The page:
Step 3: Make Every Element a Metaphor for Your Regret
Regardless of what you end up constructing from your pile of animal sheddings, remember that the point is always amends. That means every piece you add should mean something to the person to whom you're apologizing. Also, you're working with the expired bodies of living creatures, and they deserve to be treated with reverence.
I chose porcupine quills, a natural defense, as the legs of my creature, because there were exactly eight in the box and because they made a nice symbolic gesture of disarmament when I snapped them in half. I wanted to prove that my intentions with this gift were anything but hostile while simultaneously making a poignant statement about the Middle East, probably.
The insides of the quills were similar in texture to packing peanuts, which made them easy to stab with angled wire before gluing them back together to give articulation to the legs. The glue, of course, acted as a representation of our repaired relationship. Obviously.
Finally, I made a wire circle for the undercarriage of the spider head so that all the legs could join together on one solid fixture. The steel circle represented ... a, an upside-down halo to symbolize ... a confused innocence? I don't know, I'm beginning to think that maybe this step was bullshit.
Step 4: Just Make It Look Rad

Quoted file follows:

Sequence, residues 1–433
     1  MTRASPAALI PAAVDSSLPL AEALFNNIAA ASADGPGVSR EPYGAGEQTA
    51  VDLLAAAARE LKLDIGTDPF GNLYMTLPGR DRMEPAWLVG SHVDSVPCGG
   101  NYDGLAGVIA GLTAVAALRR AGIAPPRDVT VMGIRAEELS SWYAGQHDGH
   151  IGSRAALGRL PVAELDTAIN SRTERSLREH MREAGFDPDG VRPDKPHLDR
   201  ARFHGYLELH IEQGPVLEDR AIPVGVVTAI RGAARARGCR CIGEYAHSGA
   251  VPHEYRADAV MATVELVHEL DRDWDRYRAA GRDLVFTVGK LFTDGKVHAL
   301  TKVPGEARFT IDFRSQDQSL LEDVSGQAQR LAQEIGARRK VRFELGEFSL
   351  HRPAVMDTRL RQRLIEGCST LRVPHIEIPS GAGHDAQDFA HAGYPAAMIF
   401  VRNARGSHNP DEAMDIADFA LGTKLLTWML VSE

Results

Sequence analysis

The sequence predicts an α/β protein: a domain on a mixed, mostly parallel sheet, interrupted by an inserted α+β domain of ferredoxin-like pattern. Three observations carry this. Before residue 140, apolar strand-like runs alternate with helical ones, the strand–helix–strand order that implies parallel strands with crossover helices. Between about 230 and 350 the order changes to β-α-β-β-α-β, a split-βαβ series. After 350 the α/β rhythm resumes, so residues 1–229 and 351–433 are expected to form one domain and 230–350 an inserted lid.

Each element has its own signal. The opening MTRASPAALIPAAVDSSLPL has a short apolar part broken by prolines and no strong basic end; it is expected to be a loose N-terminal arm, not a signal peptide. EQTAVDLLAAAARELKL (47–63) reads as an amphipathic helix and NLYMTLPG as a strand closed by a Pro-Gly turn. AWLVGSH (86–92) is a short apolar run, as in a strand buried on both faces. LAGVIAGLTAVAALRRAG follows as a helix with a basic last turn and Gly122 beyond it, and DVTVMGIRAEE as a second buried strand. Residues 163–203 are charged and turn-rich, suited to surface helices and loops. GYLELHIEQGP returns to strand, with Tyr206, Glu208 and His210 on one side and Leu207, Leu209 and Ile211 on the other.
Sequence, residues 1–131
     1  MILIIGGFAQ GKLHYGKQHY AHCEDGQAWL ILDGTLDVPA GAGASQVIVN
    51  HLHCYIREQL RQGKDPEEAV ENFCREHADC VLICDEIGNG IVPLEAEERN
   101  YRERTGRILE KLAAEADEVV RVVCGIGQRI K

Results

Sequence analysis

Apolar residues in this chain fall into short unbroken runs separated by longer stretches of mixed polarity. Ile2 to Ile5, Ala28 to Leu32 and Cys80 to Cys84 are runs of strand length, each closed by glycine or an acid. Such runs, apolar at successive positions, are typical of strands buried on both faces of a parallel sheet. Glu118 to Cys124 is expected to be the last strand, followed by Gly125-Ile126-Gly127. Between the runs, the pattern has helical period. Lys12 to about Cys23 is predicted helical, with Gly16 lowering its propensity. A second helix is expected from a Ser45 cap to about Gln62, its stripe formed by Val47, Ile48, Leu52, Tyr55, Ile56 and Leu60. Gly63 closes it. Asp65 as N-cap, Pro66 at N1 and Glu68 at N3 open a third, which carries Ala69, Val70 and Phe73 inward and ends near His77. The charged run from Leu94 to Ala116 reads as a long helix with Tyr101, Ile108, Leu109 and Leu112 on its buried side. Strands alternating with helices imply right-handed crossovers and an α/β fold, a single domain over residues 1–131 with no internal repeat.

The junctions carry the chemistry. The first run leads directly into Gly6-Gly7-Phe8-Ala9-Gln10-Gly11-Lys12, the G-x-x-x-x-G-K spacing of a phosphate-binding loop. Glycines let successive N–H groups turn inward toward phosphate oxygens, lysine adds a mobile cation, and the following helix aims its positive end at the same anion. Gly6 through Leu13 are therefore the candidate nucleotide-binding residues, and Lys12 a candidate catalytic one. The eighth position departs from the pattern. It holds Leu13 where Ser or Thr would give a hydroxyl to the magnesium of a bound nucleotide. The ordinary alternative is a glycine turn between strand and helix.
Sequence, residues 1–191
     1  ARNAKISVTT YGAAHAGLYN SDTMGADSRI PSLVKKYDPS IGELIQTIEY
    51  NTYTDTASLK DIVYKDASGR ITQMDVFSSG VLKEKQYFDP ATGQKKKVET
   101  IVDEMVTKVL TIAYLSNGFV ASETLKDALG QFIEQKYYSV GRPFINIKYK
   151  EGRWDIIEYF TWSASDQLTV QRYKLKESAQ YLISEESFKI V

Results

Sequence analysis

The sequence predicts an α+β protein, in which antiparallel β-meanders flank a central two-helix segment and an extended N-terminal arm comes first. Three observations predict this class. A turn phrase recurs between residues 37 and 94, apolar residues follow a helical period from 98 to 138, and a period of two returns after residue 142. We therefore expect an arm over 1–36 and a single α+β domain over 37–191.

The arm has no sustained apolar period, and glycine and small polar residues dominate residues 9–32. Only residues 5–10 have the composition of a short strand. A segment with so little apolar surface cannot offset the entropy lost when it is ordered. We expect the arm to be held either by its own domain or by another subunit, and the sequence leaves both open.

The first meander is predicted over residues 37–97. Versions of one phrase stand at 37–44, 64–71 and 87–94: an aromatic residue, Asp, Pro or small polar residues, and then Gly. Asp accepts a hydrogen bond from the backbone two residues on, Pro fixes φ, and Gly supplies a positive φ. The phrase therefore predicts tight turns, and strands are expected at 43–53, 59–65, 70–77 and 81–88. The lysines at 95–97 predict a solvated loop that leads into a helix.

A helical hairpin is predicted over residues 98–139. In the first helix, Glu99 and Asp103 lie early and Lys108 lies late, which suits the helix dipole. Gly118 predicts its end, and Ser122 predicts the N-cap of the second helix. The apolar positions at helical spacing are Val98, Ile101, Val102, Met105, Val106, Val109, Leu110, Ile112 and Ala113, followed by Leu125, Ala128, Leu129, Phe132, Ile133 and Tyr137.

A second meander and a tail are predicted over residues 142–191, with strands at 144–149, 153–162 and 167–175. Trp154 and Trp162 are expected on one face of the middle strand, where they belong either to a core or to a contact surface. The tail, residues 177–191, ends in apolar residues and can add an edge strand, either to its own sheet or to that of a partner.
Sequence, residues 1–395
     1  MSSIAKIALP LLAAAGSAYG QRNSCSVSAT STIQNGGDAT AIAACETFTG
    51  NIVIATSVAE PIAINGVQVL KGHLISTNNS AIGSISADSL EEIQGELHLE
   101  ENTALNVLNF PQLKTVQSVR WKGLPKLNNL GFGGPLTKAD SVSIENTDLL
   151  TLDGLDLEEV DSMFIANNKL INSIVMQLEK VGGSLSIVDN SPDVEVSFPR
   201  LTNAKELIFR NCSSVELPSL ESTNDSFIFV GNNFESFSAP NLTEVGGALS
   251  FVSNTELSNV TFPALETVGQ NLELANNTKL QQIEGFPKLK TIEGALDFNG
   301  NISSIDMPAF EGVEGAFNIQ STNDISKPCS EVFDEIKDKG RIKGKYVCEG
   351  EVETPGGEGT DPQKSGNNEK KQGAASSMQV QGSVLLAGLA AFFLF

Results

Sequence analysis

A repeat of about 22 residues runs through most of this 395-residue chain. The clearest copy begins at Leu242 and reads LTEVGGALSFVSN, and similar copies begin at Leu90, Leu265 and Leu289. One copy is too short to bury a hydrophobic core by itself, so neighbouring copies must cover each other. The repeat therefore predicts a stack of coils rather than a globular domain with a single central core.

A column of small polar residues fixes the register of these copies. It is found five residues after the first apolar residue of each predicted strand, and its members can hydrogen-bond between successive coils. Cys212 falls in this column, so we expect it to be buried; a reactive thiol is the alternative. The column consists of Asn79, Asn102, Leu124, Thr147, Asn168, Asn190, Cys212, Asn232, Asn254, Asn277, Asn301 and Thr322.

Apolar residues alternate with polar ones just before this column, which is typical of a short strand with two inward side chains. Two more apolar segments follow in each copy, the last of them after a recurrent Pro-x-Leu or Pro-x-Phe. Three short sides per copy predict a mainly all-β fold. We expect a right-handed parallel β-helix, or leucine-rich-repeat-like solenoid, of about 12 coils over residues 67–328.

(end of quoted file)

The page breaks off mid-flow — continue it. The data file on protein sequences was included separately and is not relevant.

You want to know the best way to make your new species look terrifying? Shove shrimp claws in its face. They make great mandibles for a spider, or really any creature, now that we're no longer bound by the shackles of symbolism or anatomical correctness. I experimented briefly with shark teeth as well, but I sensed that I was flying too close to the sun. Instead, I fixed a single shark tooth to the back of the abdomen as a stinger and hot glued python ribs along the sides like spines, partially because I thought the back body segment needed to look a little fuller, and partially because by that point I was drunk with the power of a god.
Lastly, don't bother trying to introduce wings. I entertained the idea of giving it butterfly wings, but regardless of where I put them, it changed the whole feel of the creature from menacing to infuriatingly festive. In the end, I stabbed one of the wings with the front leg (despite the deweaponization comparison I worked so hard to construct earlier) and poked the other into the mouth of the spider. It turns out that the only way to make butterfly wings look cool in a craft project is to dangle them from the jaws of a vicious predator.
Step 5: Take Pride in Your Creation
Once your creature is complete, give it the proper context of an environment. I opted to display mine on a hunk of wood, towering over the shredded body parts of its prey. My particular monstrosity clearly eats rodents, birds, insects, and probably small children. I also determined it's aggressively territorial and merciless in its insatiable thirst for blood. Oh yeah, it also drinks blood, at night. I don't know exactly how yours will turn out but I can't get over how completely and unapologetically awesome mine is. There's no way I'm giving this thing up. If anything, it is the opposite of an apology now, it is an attack on the senses. Yes! It is an aesthetic attack, that doesn't say sorry, it only screams incoherently while slipping up your calf and injecting enough venom in you kneecap to kill twelve men. Man, this must be what new parents feel like. I just want it to be so happy.
Maybe I'll send ShiniesAhoy a card or something.